It’s not just about the deaths, there are estimates of 20%+ of people who catch covid are long haulers and have damage to their lungs, hearts, brains. My son has 3 friends who are long haulers, otherwise healthy teens, one lost sense of smell and taste, one has been diagnosed with asthma from covid, and one has heart palpitations now. They caught it before vaccines were available.

    But I’m vaccinated and wear a mask when I go out. I go about my life almost like pre covid. I just only get take out and don’t eat in a restaurant. I was eating in restaurants back in June but then delta started spreading so we’ve gone back to take out until we get back to pre delta numbers .

    But I do think a lot of the covid restrictions are ridiculous . Like Closing parks and playgrounds, banning recreational boating.

    And when delta surges in jersey and nyc like it is in Texas and Florida it will be as bad as Spring of 2020 was.

  31. The Great Pumpkin says:

    t’s impossible to say how the coronavirus will continue to evolve. Those changes, after all, are a result of random mutations.
    But there are some fundamental principles that explain why the virus has morphed as it has, principles that could guide our understanding of its ongoing evolution — and what that means for our future with the pathogen.
    The great fear is that nature could spit out some new variant that completely saps the power of vaccines and upends the progress we’ve made against the pandemic. But to virologists and immunologists, such a possibility seems very unlikely.
    That’s not to say variants won’t impair immune protection. Already, it appears Delta is causing breakthrough infections and symptomatic cases at higher rates than other variants. But vaccines have shown they don’t lose much oomph at protecting people from hospitalization and death, no matter the variant they’re up against. The way the vaccines work leaves experts optimistic that mutations won’t suddenly leave everyone vulnerable again.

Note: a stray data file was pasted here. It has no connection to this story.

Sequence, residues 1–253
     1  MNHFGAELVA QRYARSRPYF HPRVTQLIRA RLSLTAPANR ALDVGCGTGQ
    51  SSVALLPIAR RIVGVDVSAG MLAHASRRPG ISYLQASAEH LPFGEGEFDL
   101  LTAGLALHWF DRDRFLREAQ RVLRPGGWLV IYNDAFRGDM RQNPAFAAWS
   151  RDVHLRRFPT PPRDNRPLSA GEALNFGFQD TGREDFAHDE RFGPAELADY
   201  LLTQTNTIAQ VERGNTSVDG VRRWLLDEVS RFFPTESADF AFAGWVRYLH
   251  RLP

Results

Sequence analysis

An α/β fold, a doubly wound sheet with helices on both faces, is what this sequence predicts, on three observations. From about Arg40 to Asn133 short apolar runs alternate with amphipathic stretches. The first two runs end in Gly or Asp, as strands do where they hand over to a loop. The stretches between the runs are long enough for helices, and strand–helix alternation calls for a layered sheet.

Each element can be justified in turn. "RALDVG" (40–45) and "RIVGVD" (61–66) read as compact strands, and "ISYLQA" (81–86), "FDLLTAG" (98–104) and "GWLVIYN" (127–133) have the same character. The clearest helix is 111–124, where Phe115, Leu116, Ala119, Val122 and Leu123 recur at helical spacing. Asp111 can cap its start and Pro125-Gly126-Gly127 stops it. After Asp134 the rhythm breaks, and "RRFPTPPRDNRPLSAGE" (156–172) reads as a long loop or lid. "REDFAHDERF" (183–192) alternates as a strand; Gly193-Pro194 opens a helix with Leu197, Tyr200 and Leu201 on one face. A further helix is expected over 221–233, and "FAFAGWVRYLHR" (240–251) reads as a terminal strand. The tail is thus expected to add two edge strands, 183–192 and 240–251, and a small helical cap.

“I don’t think that we’ll end up with variants that completely escape antibodies or vaccine-induced immunity,” said vaccinologist Florian Krammer of Mount Sinai’s Icahn School of Medicine. Already, Krammer said, we’ve seen the immune system’s ability to neutralize viral variants drop — to the greatest degree with the Beta variant — but it still persists. Because of that, vaccines haven’t lost major steps at protecting people from the worst outcomes of Covid-19.
    Something unexpected could happen, scientists caution — another twist in a pandemic full of them. Already, they’ve had to reassess their thinking about the coronavirus’ evolution. This family of viruses proofreads itself as it replicates, which means it picks up mutations more slowly than viruses like influenza. For the first several months of the pandemic, the virus didn’t seem to be changing in dramatic ways. But now, variants are dominating the conversation.
    “This virus has been surprising us,” said Ramón Lorenzo-Redondo, a molecular virologist at Northwestern University’s Feinberg School of Medicine.
    Below, STAT outlines some of the key questions about the virus’ evolution — and what it means going forward.

  32. The Great Pumpkin says:

    Different forces are at play here. But one key factor is that by cutting how much the virus replicates — both through preventing infections and by shortening the infections that do occur — vaccines limit the likelihood of additional, more dangerous variants. People who are protected against the virus can act as evolutionary dead ends.

    “The pressure is there, but the opportunity is not,” said Jeremy Kamil, a virologist at Louisiana State University Health Shreveport. “The virus has to replicate in order to mutate, but each virus doesn’t get many lottery tickets in a vaccinated person who’s infected.”

  33. The Great Pumpkin says: